Or perhaps the church should ignore the surrounding culture and be concerned only with the beliefs and actions of its own members and the small fringe of contacts which it hopes to draw in? This approach may have the strength of an authentically biblical foundation, but is it Anglican?…”
– At Anglican Mainstream, Andrew Symes looks at the way forward for the Church of England.
There’s been widespread reporting of a UK poll, with stories beginning like this one –
“Anglican churchgoers in the UK who support gay marriage outnumber those opposed to it for the first time, according to a new poll…” (Sky News Australia).
So what’s the real story?
“Last night the internet was abuzz with a YouGov poll, commissioned by the revisionist campaigner Jayne Ozanne, that was purported to show that a majority of Anglicans now supported same-sex marriage. It did no such thing…
The headlines become even more suspect when you look at the poll questions in detail.”
– Ian Paul and Peter Ould have some analysis.
REFORM Media Statement – 16th January 2016
– More pressure on Archbishop Welby ahead of the Primates’ Meeting. And even more reason to pray for all at that gathering. Report from BBC News. (Image: BBC.)
And you can also read the Christmas 2015 sermon from Justin Welby, Archbishop of Canterbury, preached at Canterbury Cathedral. In part, he says, –
“Today, across the Middle East, close to the area in which the angels announced God’s apocalypse, ISIS and others claim that this is the time of an apocalypse, an unveiling created of their own terrible ideas, one which is igniting a trail of fear, violence, hatred and determined oppression. Confident that these are the last days, using force and indescribable cruelty, they seem to welcome all opposition, certain that the warfare unleashed confirms that these are indeed the end times. They hate difference, whether it is Muslims who think differently, Yazidis or Christians, and because of them the Christians face elimination in the very region in which Christian faith began. This apocalypse is defined by themselves and heralded only by the angel of death.”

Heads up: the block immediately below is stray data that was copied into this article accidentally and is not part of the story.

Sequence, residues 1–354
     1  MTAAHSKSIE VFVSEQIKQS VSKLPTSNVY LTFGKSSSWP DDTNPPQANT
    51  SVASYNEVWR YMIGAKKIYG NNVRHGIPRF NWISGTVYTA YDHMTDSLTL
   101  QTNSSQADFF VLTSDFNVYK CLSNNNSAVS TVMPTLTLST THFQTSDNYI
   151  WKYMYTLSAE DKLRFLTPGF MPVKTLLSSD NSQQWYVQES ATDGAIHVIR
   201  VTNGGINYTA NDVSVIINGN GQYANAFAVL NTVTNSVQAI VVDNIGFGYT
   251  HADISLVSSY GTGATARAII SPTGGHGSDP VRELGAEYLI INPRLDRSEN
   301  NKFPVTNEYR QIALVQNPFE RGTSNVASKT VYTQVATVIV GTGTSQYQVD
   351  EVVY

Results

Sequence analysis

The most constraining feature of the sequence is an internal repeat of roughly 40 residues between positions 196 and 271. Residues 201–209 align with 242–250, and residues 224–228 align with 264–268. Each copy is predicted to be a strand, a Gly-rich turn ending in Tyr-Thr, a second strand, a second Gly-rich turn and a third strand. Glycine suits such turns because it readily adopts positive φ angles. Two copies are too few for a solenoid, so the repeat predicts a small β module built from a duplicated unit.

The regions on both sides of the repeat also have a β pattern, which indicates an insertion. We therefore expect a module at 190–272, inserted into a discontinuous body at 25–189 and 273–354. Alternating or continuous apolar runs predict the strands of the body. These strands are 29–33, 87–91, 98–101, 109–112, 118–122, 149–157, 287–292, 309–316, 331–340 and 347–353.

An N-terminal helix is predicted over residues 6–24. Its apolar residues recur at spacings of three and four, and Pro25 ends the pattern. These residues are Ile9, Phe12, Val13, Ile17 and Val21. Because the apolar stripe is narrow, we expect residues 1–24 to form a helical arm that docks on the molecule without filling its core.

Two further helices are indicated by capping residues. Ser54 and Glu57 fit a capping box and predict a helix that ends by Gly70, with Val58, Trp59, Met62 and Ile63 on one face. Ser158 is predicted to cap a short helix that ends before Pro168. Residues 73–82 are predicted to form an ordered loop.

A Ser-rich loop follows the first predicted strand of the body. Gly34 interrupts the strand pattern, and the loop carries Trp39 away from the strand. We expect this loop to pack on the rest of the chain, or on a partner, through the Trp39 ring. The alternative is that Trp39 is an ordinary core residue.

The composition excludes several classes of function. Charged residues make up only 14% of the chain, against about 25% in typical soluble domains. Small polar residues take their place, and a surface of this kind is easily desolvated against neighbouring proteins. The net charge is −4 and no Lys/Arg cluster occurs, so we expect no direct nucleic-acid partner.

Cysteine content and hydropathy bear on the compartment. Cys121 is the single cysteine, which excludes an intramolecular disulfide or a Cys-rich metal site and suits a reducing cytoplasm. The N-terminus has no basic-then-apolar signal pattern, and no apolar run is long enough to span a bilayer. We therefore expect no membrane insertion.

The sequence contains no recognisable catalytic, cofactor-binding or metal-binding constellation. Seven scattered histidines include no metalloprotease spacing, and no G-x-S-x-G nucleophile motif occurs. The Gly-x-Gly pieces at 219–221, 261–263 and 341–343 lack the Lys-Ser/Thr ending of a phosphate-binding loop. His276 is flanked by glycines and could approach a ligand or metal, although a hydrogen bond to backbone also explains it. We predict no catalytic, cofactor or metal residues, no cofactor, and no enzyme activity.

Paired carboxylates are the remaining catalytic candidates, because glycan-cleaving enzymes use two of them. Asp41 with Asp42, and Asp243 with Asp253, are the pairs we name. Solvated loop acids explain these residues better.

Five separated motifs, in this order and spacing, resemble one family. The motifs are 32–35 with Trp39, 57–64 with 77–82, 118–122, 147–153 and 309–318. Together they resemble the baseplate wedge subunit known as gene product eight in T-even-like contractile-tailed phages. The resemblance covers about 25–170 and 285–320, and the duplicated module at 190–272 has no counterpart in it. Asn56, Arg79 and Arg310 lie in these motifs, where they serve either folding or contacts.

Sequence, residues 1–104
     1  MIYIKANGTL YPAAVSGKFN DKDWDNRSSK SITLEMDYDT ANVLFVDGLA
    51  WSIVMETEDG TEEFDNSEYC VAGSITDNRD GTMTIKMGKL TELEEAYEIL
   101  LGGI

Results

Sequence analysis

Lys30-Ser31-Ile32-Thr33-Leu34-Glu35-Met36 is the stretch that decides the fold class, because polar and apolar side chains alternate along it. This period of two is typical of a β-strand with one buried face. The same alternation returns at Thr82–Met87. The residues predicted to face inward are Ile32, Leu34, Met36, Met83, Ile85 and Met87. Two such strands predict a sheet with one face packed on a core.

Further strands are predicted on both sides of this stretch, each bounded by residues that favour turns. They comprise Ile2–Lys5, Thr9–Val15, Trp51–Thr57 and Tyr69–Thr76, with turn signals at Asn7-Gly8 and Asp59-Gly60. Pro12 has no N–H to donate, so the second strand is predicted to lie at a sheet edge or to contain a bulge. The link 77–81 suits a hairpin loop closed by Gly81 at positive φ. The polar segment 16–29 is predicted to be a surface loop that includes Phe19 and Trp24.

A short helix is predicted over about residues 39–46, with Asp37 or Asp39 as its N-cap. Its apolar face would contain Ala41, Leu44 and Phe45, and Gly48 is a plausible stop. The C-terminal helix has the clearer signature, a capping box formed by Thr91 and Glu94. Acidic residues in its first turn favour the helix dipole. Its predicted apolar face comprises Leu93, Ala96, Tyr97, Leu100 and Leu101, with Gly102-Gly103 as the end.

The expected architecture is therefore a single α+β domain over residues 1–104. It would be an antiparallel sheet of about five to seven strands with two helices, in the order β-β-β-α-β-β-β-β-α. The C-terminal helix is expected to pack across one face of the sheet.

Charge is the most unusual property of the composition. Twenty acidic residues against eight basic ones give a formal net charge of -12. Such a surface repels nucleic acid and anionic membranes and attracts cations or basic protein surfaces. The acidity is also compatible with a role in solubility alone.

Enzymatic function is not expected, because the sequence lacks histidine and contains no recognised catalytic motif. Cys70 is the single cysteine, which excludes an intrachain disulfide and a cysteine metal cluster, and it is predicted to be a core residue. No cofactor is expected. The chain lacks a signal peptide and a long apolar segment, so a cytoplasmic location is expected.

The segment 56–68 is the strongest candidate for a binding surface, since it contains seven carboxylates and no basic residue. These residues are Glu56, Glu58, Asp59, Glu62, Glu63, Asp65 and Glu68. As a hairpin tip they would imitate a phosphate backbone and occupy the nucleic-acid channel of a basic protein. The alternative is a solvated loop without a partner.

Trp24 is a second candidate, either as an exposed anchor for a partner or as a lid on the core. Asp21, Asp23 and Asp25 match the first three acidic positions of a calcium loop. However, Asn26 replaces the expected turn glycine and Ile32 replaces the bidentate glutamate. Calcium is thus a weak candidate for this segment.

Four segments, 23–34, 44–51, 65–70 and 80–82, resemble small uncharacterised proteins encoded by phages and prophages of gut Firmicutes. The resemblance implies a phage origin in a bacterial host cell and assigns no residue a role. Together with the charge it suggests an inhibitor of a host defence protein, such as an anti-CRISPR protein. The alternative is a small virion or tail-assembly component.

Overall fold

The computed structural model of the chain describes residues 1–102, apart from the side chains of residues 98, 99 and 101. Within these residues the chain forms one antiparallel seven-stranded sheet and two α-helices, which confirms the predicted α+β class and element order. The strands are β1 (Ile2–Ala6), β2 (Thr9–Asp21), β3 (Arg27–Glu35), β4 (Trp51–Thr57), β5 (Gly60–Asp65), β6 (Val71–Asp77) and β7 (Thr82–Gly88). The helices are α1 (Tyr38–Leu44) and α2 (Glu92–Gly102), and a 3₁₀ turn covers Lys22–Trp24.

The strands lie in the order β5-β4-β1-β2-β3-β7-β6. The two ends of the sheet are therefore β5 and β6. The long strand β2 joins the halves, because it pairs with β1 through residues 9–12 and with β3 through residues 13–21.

“Is the Reformation over? Was it a mistake? These are questions we may ask ourselves a number of times over the next two years, as the 500th anniversary of Luther’s 95 Theses approaches in October 2017.
I found myself wondering about them after the recent fiasco surrounding the Lord’s Prayer ‘advert’, and after General Synod…”
– At Church Society’s blog, Director Lee Gatiss quite rightly wonders what on earth is going on (to paraphrase him a little) in the Church of England.
At Church Society’s blog, Kirsty Birkett (who now teaches Pastoral Counselling and Youth and Children’s Ministry at Oak Hill College) reminds readers of a 1994 Churchman article by the much-missed John Richardson.
In his article, John draws some important conclusions for evangelicals in the Church of England, reflecting on his year of study at Moore College.
(Readers can also rightly give thanks to Almighty God for the growth of Oak Hill College in London in the years since John wrote that article.)
One reason relates to the website advertised by the ad:
“For there, on a protestant site, are prayers to pray including the Hail Mary and a prayer addressed to St Christopher for travelling mercies.”